Talking New Album ‘Movimento’ and the Origins of Chilean Hip Hop with DJ Raff24 October, 2017
The early 90s were clearly a time of rejuvenation and cultural renaissance for Chile. Right in the aftermath of the bloody 17 year military dictatorship that took over the country during the 70s, rock, funk and reggae enthusiasts were sprouting from all across the country. It was only a matter of time for MCs and hip hop producers to take over and solidify an underground scene which was profoundly influenced by North American b-boy culture portrayed in film and television. Behind the sound of now renowned hip hop/funk crews like Los Tetas, La Frecuencia Rebelde and Tiro de Gracia, the punchy beats and samples created by DJ Raff were a common denominator. Towards the end of the decade, Raff became a benchmark of Santiago’s hip hop scene, and even though his work has recently deviated into a more electronic route, his artistic DNA has never lost the sharpness acquired during the 90s. Right before the release of his awaited fourth LP Movimiento, we briefly chatted with DJ Raff about his trajectory.
Back in the 90s you were a renowned hip hop DJ in Santiago. How did this culture become a part of your life?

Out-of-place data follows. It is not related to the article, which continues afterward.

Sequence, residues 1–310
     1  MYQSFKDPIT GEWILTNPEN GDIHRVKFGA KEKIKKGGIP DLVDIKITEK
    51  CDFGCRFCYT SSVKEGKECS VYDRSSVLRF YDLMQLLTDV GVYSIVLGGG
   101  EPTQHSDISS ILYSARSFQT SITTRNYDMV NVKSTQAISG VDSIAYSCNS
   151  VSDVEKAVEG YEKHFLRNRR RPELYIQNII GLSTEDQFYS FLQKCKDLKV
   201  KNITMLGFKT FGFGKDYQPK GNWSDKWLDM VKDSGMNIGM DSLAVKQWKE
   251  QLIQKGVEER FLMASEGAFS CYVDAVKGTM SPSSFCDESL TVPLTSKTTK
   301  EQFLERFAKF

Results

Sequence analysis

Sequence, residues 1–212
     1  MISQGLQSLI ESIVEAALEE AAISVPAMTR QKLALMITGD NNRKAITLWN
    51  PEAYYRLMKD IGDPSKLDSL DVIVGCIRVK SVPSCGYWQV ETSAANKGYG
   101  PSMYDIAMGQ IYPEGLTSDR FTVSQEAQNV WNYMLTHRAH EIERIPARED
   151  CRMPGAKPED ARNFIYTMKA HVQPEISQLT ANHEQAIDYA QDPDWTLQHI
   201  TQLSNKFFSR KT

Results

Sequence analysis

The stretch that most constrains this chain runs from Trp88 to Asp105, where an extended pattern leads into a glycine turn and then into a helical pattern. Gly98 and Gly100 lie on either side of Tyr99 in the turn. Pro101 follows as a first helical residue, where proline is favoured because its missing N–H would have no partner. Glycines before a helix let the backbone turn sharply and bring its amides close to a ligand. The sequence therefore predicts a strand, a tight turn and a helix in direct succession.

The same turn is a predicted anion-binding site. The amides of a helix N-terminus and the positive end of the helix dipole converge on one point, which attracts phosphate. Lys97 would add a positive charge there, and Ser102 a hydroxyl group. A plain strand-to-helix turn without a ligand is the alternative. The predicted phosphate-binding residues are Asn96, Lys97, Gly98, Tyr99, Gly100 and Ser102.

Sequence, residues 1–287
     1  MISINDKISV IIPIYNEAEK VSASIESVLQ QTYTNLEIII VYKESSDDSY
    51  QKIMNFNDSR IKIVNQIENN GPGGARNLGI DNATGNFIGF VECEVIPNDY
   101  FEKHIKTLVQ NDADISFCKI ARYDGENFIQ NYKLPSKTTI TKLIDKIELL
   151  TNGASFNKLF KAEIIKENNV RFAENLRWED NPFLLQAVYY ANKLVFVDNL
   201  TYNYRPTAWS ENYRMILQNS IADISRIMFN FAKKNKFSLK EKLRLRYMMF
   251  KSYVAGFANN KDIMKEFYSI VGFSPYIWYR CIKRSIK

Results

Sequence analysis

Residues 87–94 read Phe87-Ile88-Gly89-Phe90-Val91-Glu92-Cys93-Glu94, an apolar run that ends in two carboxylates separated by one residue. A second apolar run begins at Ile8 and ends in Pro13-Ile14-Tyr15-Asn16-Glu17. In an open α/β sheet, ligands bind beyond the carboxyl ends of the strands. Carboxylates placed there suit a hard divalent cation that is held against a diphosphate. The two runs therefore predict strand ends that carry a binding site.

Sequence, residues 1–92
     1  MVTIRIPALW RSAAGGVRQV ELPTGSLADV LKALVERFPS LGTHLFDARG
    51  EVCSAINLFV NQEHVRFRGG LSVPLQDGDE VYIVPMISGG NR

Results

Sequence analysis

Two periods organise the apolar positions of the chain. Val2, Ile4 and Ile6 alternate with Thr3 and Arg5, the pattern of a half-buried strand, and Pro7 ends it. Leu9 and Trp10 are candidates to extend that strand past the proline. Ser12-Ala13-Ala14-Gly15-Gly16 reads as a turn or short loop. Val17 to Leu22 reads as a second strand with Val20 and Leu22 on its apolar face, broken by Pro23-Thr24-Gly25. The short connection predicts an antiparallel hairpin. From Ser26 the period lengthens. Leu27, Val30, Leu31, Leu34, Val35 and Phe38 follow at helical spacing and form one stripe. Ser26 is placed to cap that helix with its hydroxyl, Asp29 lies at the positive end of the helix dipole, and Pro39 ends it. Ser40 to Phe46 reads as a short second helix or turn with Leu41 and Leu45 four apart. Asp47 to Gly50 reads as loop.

I started listening to hip hop when I was very little. I was around 12 or 13 and music was really starting to catch my interest. I think it all started after watching the movie Beat Street on TV. When I saw that for the first time I said “man, these people are able to come up with all these art forms without even using any instruments”. Watching those guys doing graffiti and busting rhymes all over the place was quite an inspiration. It also had to do with the fact that places like the Bronx and Brooklyn had a lot more in common with Santiago than whatever was shown on any Guns N’ Roses or Mötley Crüe video that was hot at the time. Back in the day (early 90s) not many people were into hip hop in the city, but I was still able to meet a small circle of fellow rap fans. Me and this group of around 100 people used to gather on Saturdays in downtown Santiago to exchange cassettes, videotapes and whatnot. Then I broke into the scene as an instrumental producer. Every once in a while, I ran into a hip hop project that had their lyrics set, but needed some instrumental support, so I offered them to come up with some instrumentals for free. I cooked them up with this extremely scarce system which consisted of a dual cassette tape, a sampler and a turntable. I did this for a bunch of projects, and that’s basically how I started building my name in the underground.